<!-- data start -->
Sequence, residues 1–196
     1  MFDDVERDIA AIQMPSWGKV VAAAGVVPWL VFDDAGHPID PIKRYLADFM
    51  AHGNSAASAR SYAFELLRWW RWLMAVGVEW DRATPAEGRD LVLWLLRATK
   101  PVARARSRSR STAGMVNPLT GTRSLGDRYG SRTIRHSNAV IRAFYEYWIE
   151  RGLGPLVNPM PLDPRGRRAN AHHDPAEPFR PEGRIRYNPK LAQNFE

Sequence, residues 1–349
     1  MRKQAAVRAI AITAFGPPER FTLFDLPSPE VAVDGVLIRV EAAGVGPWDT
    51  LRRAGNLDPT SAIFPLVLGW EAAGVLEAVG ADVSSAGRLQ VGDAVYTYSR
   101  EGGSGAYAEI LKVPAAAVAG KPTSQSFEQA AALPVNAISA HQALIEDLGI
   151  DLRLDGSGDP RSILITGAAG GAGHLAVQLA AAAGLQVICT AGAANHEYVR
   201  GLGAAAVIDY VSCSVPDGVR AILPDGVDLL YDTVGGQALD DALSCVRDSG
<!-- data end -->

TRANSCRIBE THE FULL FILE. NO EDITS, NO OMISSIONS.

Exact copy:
Sequence, residues 1–196
     1  MFDDVERDIA AIQMPSWGKV VAAAGVVPWL VFDDAGHPID PIKRYLADFM
    51  AHGNSAASAR SYAFELLRWW RWLMAVGVEW DRATPAEGRD LVLWLLRATK
   101  PVARARSRSR STAGMVNPLT GTRSLGDRYG SRTIRHSNAV IRAFYEYWIE
   151  RGLGPLVNPM PLDPRGRRAN AHHDPAEPFR PEGRIRYNPK LAQNFE

Sequence, residues 1–349
     1  MRKQAAVRAI AITAFGPPER FTLFDLPSPE VAVDGVLIRV EAAGVGPWDT
    51  LRRAGNLDPT SAIFPLVLGW EAAGVLEAVG ADVSSAGRLQ VGDAVYTYSR
   101  EGGSGAYAEI LKVPAAAVAG KPTSQSFEQA AALPVNAISA HQALIEDLGI
   151  DLRLDGSGDP RSILITGAAG GAGHLAVQLA AAAGLQVICT AGAANHEYVR
   201  GLGAAAVIDY VSCSVPDGVR AILPDGVDLL YDTVGGQALD DALSCVRDSG